Anxious to lose no time in executing the important commission intrusted to them, your Committee, then consisting of twenty-four members, immediately solicited the aid of such ladies as were willing to act as a Sub-committee, in canvassing small portions of the town. Sixty-four ladies offered their assistance, and were accepted. Each engaged to ascertain the want of Bibles and Testaments in a small district near her own habitation; to supply it, according to the circumstances of the individuals, by collecting their weekly contributions for the purchase of Bibles and Testaments, either at the cost, or at reduced prices; and to forward, monthly, to the Committee the sums thus received, together wiih a statement of her proceedings, and of the circumstances of such persons as appeared suitable objects for gifts. In these labours it was the privilege of several of your Committee to participate; and, previous to the close of the year, about 500 persons entered their names as subscribers for Bibles, and about 200 as free contributors.* One hundred and fiftyeight Bibles and 113 Testaments were thus purchased by subscria bers of small sums; 22 Testaments were lent to the sick, and 2 Bi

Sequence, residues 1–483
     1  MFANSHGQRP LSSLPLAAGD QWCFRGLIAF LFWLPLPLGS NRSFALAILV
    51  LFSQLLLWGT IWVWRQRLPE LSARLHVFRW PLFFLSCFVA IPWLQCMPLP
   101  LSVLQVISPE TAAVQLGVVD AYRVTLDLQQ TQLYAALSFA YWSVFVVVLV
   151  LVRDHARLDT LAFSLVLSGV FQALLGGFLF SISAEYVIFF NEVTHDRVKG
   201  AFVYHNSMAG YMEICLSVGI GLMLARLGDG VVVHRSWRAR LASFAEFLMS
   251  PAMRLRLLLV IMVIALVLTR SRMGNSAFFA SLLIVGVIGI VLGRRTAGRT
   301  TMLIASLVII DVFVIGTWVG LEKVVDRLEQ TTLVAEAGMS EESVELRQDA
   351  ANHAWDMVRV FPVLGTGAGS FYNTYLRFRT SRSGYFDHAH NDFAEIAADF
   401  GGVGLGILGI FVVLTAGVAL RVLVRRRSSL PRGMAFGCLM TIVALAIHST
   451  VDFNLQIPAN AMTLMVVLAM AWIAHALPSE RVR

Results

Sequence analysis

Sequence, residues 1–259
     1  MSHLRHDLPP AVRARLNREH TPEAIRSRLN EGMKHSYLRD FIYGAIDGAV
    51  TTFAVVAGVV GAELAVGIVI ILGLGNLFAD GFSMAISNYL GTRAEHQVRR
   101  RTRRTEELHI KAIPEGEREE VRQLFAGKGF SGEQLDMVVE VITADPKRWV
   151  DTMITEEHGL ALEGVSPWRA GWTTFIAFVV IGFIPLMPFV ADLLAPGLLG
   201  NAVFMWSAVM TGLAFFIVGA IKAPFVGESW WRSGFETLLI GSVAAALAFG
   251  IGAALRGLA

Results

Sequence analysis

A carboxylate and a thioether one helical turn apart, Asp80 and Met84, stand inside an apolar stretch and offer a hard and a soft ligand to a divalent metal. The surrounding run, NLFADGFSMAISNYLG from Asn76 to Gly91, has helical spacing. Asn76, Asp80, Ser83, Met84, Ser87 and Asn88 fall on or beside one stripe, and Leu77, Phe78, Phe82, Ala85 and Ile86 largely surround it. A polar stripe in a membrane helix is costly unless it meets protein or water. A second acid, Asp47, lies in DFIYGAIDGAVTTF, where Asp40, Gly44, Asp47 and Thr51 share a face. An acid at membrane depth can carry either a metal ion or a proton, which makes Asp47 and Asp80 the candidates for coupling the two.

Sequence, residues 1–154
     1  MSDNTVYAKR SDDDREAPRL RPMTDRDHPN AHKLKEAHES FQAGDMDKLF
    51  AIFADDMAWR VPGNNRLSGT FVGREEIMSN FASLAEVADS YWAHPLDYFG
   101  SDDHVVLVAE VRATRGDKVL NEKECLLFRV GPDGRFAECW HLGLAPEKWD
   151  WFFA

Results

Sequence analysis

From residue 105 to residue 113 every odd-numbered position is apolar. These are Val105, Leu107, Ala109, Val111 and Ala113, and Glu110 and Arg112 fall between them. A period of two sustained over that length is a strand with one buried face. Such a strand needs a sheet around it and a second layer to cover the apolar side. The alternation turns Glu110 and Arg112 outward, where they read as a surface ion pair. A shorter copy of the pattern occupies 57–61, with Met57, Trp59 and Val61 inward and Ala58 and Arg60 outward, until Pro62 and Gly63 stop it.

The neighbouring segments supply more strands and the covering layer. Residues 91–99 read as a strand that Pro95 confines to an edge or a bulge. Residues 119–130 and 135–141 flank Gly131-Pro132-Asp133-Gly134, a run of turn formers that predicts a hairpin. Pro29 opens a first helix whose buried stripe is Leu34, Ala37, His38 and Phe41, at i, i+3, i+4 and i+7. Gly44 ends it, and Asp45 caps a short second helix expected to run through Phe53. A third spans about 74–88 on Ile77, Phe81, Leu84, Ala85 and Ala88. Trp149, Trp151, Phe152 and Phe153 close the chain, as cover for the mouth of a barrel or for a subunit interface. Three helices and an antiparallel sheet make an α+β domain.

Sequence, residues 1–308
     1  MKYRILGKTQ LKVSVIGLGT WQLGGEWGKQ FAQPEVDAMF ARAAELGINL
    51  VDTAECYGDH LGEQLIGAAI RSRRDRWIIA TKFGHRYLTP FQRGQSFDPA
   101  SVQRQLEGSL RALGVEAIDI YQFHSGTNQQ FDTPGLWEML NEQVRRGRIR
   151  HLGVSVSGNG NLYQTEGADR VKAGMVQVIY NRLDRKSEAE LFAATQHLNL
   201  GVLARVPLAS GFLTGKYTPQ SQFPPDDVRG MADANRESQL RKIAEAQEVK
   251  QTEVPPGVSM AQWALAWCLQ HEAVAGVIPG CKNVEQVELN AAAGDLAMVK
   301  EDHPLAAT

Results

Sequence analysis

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* Amongst these were the girls in the Caledonian and Friends’schools. The former subscribed £3 3s, the latter £4 88 5d, claiming the amount in Bibles, first to supply themselves, then such of their school-fellows as could not procure them. Upon inquiry why one of the girls in the Caledonian school was behind her class in religious knowledge, the fact was ascertained, that she was the only girl in the school whose parents were destitute of the Bible. May we hope the day is not distant when, through the medium of the Bible Society, the children in all our schools, private as well as public, shall be equally well provided ? In the report of the Everton Ladies' Bible Association, the following pleasing circumstances are stated:—"In Bootle we found only ten out of fifty-four families destitute of Bibles, and traced this general diffusion of the sacred volume to the attendance of most of the children at the neighbouring charity schools.” A man, who lived in Bootle, being asked if he had a Bible, replied, "he thanked God he had.” It was soon perceived, from the manner in which he expressed himself, that he duly appreciated its value. He acknowledged, with gratitude, that, through the medium of that blessed book, which his children had received at the charity school, they had not only learnt the way of salvation themselves, but had taught him also. His Bible being small, ne subscribed for a large one; adding, that, when he had paid for it, he hoped to contribute something as a free subscriber.